Thrice-Roasted Chicken With Rosemary Rub
Yield: 6 to 8 servings
Total time: 40 minutes, plus 2 days’ seasoning
For the brine:
1 bay leaf, preferably fresh
4 fresh thyme or small rosemary sprigs
1 cup kosher salt
1/4 cup granulated sugar
1 lemon, thinly sliced
1/4 cup black peppercorns, toasted and roughly crushed
3 1/2 to 4 pounds bone-in, skin-on chicken pieces (use whole breasts or legs, or a combination)
For the rub:
1/2 teaspoon toasted black peppercorns
1 1/2 tablespoons chopped fresh parsley
1 tablespoon chopped fresh rosemary
1 1/2 teaspoons Dijon mustard
1 1/2 tablespoons apple cider or white wine vinegar
1/2 teaspoon finely grated lemon zest
1 tablespoon fresh lemon juice
1/2 garlic clove, finely grated
2 tablespoons anchovy paste
Olive oil and kosher salt
3 tablespoons butter
1 bay leaf
3 fresh thyme or rosemary sprigs
1 tablespoon white wine vinegar (optional)
1 tablespoon fresh lemon juice, more to taste (optional)
Salt and ground black pepper
1. Brine the chicken: Using your fingers, rub bay leaf and thyme sprigs until fragrant. In a large nonreactive container, combine 1 gallon cold water with the herbs, salt, sugar, lemon and peppercorns. Stir until sugar and salt dissolve. Add chicken, making sure pieces are completely submerged. Cover and refrigerate for 8 to 12 hours.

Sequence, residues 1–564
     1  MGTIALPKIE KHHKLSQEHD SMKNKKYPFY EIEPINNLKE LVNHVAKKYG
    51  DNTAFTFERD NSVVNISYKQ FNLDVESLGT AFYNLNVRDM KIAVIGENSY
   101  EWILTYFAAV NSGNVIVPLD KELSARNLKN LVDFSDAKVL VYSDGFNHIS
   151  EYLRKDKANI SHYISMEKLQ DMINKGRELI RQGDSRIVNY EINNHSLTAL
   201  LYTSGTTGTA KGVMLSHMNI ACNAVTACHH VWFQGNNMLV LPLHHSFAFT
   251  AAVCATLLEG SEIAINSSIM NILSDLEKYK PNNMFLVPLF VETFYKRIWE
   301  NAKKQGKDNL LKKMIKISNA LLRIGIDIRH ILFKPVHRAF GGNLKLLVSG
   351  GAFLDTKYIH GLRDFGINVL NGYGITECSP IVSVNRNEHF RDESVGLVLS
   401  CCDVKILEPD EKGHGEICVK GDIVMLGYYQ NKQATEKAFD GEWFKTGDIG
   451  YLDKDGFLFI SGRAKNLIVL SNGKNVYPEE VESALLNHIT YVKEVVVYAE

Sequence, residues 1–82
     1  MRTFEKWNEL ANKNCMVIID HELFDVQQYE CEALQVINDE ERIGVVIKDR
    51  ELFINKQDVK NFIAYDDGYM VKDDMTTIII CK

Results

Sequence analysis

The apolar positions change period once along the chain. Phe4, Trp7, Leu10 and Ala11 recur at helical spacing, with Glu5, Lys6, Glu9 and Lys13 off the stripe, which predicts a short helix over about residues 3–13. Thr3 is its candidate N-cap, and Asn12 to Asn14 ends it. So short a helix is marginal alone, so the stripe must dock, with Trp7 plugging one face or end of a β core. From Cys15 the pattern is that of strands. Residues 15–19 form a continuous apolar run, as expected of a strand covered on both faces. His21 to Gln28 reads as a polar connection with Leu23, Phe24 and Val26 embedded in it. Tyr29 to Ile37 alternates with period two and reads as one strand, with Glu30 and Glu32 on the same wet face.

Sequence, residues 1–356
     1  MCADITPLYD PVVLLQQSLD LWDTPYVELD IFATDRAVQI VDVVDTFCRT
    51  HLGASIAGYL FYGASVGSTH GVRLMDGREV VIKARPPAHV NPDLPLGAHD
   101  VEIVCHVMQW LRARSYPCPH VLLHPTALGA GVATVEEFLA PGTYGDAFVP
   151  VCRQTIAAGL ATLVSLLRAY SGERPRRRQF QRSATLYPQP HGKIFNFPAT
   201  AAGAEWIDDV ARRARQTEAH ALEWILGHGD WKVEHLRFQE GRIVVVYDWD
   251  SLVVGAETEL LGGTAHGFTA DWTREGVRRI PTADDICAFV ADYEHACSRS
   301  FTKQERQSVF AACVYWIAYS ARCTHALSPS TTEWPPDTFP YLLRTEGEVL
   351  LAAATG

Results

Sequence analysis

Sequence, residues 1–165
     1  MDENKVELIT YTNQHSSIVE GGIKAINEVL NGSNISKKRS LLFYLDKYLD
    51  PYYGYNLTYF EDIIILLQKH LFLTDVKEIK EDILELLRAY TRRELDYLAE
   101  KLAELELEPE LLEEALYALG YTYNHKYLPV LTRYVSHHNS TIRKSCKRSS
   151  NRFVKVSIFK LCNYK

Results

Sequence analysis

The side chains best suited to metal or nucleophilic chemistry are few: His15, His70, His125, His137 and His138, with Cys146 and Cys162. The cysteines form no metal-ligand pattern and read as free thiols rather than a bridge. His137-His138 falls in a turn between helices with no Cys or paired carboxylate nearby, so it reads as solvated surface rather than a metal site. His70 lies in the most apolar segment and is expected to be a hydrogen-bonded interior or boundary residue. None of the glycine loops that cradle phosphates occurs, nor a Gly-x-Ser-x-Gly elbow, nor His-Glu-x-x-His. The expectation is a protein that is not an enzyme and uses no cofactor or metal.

2. Make the rub: Combine peppercorns, parsley and rosemary in a mortar or a small food processor. Crush together until peppercorns are finely ground. Mix in mustard, vinegar, lemon zest and juice, garlic and anchovy paste. Rub should be thick, but not stiff; loosen with a little olive oil if needed. Taste and season with salt if necessary.
3. Remove chicken from brine and rinse under cold running water. Thoroughly pat it dry with paper towels. Once paper towels come away completely dry, smear the skin with the rub until evenly coated.
4. Place the chicken, skin side up, on a cooling rack set over a rimmed baking sheet. Refrigerate for 12 to 24 hours, or until the rub dries and doesn’t smudge easily when prodded.
5. Cook the chicken: Remove chicken from refrigerator 1 hour before roasting. Heat oven to 400 degrees.
6. Slick a large, heavy pan, preferably cast iron, with a thin coating of oil and set over medium heat. When oil is shimmering-hot, lay chicken in pan, skin side down. Press down slightly on the pieces so their skin is in maximum contact with the pan. Raise heat to medium-high and sear chicken for 7 minutes, or until edges turn golden brown. You should hear a steady, loud sizzle, but no popping sounds; reduce heat if needed.
7. Without flipping pieces, transfer pan to oven and roast for 17 minutes, or until breast juices run clear and drumsticks wiggle easily at their joints. When ready, the meat should be about 140 degrees at its thickest part.